Tiny end table - detail oriented - Router Forums
 
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post #1 of 3 (permalink) Old 06-30-2012, 09:05 PM Thread Starter
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Default Tiny end table - detail oriented

I am making a tiny, whimsical, natural-organic type end table. It is about 20x10 on top (cherry), but only 4.5x12.5 between the legs. I am putting a 3/4 inch thick cherry shelf at the base between 2 inch square black walnut legs. I have it all cut and fitted. The aprons will be attached to the legs using floating tenons (unknown wood) - not my choice because I would have preferred the tenons to be an integrated part of the aprons, but that was predetermined for me by someone else.

I am adding the shelf idea myself. At this point, nothing is gued together yet and I need to decide how I want to attach the shelf to the legs and the top to the aprons.

For the shelf, my friend wants me to use dowel rods and drill holes in the side of the legs and the shelf. I am fine with the method, but not sure if it should be dowel rods - because it seems wrong in a unseen aesthetic way for my first real piece of furniture. I kind of think it is more like a craft project if I do that. I thought it should be a tenon, but I don't have much in the way of tools now, so they thought that would be the easiest way to handle it on my own. Tiny as it is, does anyone else think that is kind of cheap to do to something I want to be an heirloom?

As for attaching the top, I have already cut a groove to attach metal brackets on the inside of the aprons. However, this is a very natural, whimsical, organic type piece. I would like something a little more authentic or natural instead of metal screws if there is another, fairly simple, but traditional method of doing it. I know I could make a wooded bracket and use a screw. But, if I have to use a screw at all, that seems pointless to spend time making a wooden bracket by hand.

Any suggestions that will be as effective and don't require a lot of high powered tools? I have only a few hand tools and drill, etc., and a hand saw. But, I might be able to get a friend to let me use something else if it would be better.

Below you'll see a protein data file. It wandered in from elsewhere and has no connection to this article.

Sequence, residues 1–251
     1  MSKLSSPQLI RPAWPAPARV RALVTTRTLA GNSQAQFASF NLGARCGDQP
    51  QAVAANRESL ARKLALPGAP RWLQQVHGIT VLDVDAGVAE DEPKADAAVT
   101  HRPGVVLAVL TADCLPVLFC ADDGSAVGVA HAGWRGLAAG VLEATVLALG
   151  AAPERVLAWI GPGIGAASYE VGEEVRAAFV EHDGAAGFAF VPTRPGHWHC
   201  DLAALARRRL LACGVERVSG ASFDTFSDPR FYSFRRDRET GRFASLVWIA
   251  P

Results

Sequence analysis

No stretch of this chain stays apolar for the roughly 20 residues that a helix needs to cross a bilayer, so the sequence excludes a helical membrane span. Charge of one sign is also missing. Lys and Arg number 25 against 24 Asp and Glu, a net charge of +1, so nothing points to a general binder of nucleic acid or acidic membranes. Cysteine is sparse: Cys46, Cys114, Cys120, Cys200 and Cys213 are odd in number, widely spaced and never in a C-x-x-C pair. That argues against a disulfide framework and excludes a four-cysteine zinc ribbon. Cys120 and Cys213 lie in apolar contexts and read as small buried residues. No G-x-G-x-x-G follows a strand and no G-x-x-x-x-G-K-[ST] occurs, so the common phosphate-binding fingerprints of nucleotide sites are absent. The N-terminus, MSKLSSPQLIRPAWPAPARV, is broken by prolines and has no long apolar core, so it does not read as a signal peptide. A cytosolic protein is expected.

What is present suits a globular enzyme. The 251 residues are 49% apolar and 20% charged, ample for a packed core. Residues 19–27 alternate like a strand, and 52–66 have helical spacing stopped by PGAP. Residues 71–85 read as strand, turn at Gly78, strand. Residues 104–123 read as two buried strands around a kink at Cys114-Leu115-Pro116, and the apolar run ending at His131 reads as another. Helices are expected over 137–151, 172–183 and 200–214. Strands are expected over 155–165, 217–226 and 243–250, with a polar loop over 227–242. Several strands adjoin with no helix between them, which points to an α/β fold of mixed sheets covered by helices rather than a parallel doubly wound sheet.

Thanks for your input.
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post #2 of 3 (permalink) Old 07-01-2012, 12:58 PM
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Dear Mr N. A. Curvilinear, I am not an accomplished furniture builder - as many on this forum are, but feel that I should point-out a dowel IS A TENON and the hole it goes into IS A MORTISE! Certainly not in the traditional way that many think of, but definitely in the function of the connection. That being said, dowels are quite easily installed and it is a simple matter to build a home-made doweling jig. I recommend a "dry-fit" prior to applying glue and your fit can be dead-on accurate! Where dowels are not as well suited because they are "round" is where only one can be used and rotation becomes a hazard. Single rectangular (in section) tenons are good in many situations where rotation can be prevented via corners. Dowels can be "blind" or "through" - depending on what appearance you're trying to achieve. I use tons of (round) dowel connections in my work of building prototypes and often - when they are used in a "through" application, they are simply glued-up and allowed to pass beyond their final end, and then trimmed with a Japanese-style "pull-saw". Dowels have been around since Fred Flintstone's days.